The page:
Because they developed such a bond with Girls Aloud, producing four of the group’s five albums in their entirety, Xenomania were able to infuse the music with each member’s individual personality. So when the playful club thumper ‘Close To Love’ needed a risqué payoff, it was Harding who got to deliver it: “Gonna need more wood!” Equally, Harding was able to show a more sensitive side when she sang parts of the pleading ballad ‘Hear Me Out’. Tellingly, she later borrowed its title for her autobiography.
Because they operated in an era when genre divides were more entrenched than they are now, Girls Aloud’s musical credibility was hard-won. When they finally collected a Brit Award in 2009 – Best Single for their stunning chart-topper ‘The Promise’ – Harding’s reaction expressed the frustration of fans perfectly. “Can I just say, it’s about time!'” she roared as she held the trophy aloft. It was an iconic moment, since immortalised as a meme, that captured the core authenticity that Harding brought to the table as a pop star.
A similar spunky honesty shone through when she won Celebrity Big Brother in 2017, her final major TV assignment before taking a step back from the spotlight. Before then, in addition to frequent reality TV work, she made a valiant stab at an acting career with roles in Coronation Street and the BBC TV movie Freefall.
Harding released a smattering of solo songs before and after Girls Aloud disbanded in 2013, underlining her rock chops by covering Iggy Pop (‘Real Wild Child’) and David Bowie (‘Boys Keep Swinging’) for film soundtracks. Earlier this year, she surprised fans by dropping a swaggering electro bop, ‘Wear It Like a Crown’, that made it to the top of the iTunes chart. By this point, it was public knowledge that her health was failing. In August 2020, Harding revealed on Instagram that she had been diagnosed with breast cancer that had spread to other parts of her body. In March, she confirmed the disease was terminal and said she did not expect to see another Christmas.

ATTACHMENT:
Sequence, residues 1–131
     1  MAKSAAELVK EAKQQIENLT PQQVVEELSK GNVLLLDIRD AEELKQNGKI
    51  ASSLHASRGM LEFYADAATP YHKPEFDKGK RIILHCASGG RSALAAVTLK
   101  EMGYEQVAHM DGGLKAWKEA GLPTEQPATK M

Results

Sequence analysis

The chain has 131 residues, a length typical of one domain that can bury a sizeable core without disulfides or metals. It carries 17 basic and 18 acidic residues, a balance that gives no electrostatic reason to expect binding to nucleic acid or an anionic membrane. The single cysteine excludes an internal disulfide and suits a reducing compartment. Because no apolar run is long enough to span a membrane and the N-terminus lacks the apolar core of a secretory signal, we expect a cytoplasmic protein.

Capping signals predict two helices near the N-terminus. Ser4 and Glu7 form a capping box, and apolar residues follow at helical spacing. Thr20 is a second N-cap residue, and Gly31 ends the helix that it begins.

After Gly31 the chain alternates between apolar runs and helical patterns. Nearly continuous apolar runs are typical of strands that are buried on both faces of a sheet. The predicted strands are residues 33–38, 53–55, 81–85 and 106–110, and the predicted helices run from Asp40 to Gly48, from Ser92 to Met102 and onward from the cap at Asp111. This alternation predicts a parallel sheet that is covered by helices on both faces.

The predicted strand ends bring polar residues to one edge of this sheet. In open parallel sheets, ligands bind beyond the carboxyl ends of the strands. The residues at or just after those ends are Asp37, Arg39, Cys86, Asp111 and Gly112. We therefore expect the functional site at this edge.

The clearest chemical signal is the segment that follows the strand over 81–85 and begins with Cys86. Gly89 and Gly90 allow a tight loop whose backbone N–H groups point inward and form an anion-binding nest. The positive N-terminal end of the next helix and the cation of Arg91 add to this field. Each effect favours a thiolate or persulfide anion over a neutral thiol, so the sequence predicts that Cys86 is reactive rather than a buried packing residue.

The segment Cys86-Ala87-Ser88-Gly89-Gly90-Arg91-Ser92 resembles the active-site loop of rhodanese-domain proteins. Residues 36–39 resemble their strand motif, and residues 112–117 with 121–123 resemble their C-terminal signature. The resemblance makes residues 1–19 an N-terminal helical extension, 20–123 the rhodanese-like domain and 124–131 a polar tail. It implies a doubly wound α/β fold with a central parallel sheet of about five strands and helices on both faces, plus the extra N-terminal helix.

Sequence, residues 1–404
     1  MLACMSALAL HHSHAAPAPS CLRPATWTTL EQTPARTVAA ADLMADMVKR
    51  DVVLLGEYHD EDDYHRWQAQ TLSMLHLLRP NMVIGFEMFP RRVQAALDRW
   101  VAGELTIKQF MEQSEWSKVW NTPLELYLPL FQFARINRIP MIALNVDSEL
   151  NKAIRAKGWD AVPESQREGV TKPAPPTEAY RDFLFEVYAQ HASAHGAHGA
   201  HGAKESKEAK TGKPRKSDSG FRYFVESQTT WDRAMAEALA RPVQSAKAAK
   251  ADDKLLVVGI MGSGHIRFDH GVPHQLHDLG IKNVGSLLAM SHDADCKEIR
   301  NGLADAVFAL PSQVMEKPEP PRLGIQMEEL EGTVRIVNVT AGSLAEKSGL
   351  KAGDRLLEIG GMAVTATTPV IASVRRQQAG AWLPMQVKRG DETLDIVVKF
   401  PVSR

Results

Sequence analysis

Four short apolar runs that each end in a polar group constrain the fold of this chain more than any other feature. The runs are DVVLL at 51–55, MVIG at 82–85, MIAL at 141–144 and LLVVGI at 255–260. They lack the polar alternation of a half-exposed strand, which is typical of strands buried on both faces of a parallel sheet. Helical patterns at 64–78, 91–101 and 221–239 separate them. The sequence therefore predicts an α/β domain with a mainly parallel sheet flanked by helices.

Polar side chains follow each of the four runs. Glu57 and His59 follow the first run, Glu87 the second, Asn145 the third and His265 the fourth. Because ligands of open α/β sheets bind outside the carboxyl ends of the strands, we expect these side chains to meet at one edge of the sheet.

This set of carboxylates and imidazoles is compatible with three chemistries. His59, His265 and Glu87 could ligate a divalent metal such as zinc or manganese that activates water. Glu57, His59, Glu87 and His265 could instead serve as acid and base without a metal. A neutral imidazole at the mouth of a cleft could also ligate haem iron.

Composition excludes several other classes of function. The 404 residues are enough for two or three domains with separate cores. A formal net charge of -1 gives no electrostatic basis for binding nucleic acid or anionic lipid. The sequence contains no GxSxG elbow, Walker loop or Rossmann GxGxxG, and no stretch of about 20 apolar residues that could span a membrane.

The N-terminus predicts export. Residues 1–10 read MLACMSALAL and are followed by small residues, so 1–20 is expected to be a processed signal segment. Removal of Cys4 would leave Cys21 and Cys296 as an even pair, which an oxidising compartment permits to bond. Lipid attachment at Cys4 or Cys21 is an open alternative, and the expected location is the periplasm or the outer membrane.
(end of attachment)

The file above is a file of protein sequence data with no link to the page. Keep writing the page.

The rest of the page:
In a characteristically gutsy move, Harding seized control of her own narrative in March by publishing Hear Me Out, offering an insight into the quieter side of her personality. “There is most definitely that fun, crazy party girl in me – there always was,” she wrote in the prologue. “It was the other Sarah – the one who liked curling up at home with her dog and a good book; the one who enjoyed cooking a roast dinner for her friends; the one who liked spending nights alone, writing songs and making music – that got lost.”
Harding became famous in an era when people in the public eye, women especially, were often reduced into cartoony personas that allowed little room for nuance and genuine human frailty. But among Girls Aloud fans, she will be remembered as a vibrant and feisty performer who really relished being in a group that transcended what was expected of them. To paraphrase one of their greatest hits, you couldn’t mistake her biology – the way that she walked, the way that she talked.